Panel Discussion from WWDC24 Attendees. | Source:
Panel Discussion from WWDC24 Attendees:

We also had a fun little panel discussion from developers who attended WWDC in Cupertino this year, and we got to hear from them about their experience and highlights of the event.

A group photo of all event attendees!
Developing beyond just Apps...

For the longest time, I have been known as a YouTube content creator, even though my main focus has shifted to software development over the past three years. Consequently, my social circle has been more centered around content creators than developers. However, after meeting and chatting with so many developers at the event, it finally feels great to be a part of the developer community and knowing so many more people who are in the same field as I am and connecting with people much smarter than myself.

The key takeaway from this event for me was that the true spirit of all these events lies not in the apps you develop, but the meaningful friendships and connections you develop at these events. There was so much to learn from Friday’s event, insights into how other fellow developers think, how they build their apps, and how they work. It was incredible to be a part of such an event and interact with so many people in one place. It took courage sometimes to go up to someone and start a conversation, but once you overcome the initial social anxiety, you realise that there was no reason to be anxious in the first place, everyone was incredibly welcoming and excited to share their own stories and hear others’ stories. I had some amazing conversations about other people’s apps and my own apps with a lot of folks there, including fellow developers and Apple Evangelists. You really do miss 100% of the shots you don’t take, and I made sure I didn’t hold myself back from interacting with anyone at the event.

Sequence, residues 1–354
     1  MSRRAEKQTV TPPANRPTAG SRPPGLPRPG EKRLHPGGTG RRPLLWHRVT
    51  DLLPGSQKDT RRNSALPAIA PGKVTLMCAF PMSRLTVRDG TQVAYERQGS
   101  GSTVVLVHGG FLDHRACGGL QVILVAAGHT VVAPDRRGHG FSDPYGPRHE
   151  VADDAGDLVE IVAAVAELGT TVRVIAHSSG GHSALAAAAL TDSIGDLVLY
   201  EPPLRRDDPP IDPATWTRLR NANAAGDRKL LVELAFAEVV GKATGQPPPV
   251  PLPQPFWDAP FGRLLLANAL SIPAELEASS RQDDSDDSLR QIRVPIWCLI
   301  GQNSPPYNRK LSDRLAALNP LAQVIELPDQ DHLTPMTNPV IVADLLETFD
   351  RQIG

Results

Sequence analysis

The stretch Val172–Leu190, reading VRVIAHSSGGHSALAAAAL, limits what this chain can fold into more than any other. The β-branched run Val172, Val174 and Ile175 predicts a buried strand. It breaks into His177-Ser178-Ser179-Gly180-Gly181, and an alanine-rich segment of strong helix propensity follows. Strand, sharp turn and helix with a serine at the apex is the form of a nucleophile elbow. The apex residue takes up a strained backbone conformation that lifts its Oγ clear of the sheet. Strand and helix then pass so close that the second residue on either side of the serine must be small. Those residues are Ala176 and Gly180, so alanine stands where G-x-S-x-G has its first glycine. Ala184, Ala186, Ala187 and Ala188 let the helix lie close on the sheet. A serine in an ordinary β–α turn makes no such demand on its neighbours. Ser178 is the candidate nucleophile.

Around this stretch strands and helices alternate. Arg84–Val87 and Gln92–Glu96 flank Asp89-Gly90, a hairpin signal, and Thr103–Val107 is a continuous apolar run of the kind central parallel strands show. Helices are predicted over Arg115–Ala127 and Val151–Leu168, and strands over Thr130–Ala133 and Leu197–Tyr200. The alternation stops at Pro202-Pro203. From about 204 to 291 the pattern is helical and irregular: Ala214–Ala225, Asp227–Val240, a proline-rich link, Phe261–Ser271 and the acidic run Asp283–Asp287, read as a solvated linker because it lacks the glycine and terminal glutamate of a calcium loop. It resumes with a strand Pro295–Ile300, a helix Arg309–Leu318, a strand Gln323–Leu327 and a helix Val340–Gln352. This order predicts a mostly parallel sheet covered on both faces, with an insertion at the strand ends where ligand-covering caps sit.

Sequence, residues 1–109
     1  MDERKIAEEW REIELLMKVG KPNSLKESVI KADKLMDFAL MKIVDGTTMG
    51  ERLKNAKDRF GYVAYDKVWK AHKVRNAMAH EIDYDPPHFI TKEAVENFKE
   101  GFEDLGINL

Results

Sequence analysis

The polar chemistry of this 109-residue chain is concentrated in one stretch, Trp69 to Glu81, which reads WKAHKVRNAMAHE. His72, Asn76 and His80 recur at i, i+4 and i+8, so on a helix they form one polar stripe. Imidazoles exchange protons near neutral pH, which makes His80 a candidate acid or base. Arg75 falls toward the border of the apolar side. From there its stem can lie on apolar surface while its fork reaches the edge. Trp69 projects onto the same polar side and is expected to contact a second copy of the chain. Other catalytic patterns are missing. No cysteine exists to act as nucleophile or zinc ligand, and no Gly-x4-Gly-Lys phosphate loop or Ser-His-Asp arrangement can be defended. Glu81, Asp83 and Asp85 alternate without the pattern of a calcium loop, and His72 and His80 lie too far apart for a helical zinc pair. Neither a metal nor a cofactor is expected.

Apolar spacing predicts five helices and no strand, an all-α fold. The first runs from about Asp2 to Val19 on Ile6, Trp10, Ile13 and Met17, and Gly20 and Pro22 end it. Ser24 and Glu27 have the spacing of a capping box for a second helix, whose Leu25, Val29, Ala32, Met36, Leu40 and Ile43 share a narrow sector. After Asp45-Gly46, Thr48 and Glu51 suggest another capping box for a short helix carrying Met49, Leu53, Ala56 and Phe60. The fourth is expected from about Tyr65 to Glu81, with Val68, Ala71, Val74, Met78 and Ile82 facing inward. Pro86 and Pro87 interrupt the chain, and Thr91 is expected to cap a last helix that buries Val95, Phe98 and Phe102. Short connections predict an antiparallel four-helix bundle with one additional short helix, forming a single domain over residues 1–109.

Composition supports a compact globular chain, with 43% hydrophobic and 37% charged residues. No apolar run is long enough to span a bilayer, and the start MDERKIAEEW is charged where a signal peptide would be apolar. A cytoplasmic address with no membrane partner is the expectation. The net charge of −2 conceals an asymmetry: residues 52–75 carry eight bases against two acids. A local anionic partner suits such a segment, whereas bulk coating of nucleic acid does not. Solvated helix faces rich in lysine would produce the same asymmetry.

It was also a little funny to see people finding it hard to believe that I was still a student, almost everyone asked me where I worked and I had to explain that I’m still a student and only 17, haha! But I’m grateful for the fact that they were equally welcoming and willing to chat despite my younger age!

Special Thanks!

I’d like to give a special thanks to Rudrank Riyam, a fellow indie developer, technical writer and public speaker. For me, this day wouldn’t have been as amazing as it was if it weren’t for him. I met Rudrank in April when he came to Mumbai, and we’ve been in touch ever since. When he told me about this event taking place in Bengaluru, I knew I had to be there. He warmly welcomed me to the Developer Centre lobby and helped me introduce myself to a lot of other developers there, pushing me a little further to really become a part of the community. I don’t think I would’ve found out about this event or have made the connections I did on Friday if it weren’t for him, and I am really really grateful to him for incredibly guidance. Thanks Rudrank, I know you’ll read this! ;)

I’d also like to thank the Apple Developer Centre Bengaluru team who made this event so special and conducted all those amazing sessions. I was also the youngest developer there and the only minor, and the Apple team was heartwarmingly welcoming and it was a joy to talk to them. Thanks so much to Ashok Sir, Sandhya Ma’am, Karthik Sir and the rest of the Apple team.


Friday was one of the most exciting days for me in a while, and I wished those 8 hours lasted for a bit longer, haha! I honestly could not be more excited to implement the new frameworks and APIs introduced at WWDC24 this year after attending Friday’s event. I strongly believe that one day I’ll look back on this day as one of the biggest moments in my early developer journey; the connections I made and the things I learnt were incredibly invaluable for me and I’m looking forward to attending more such events to engage with the developer community!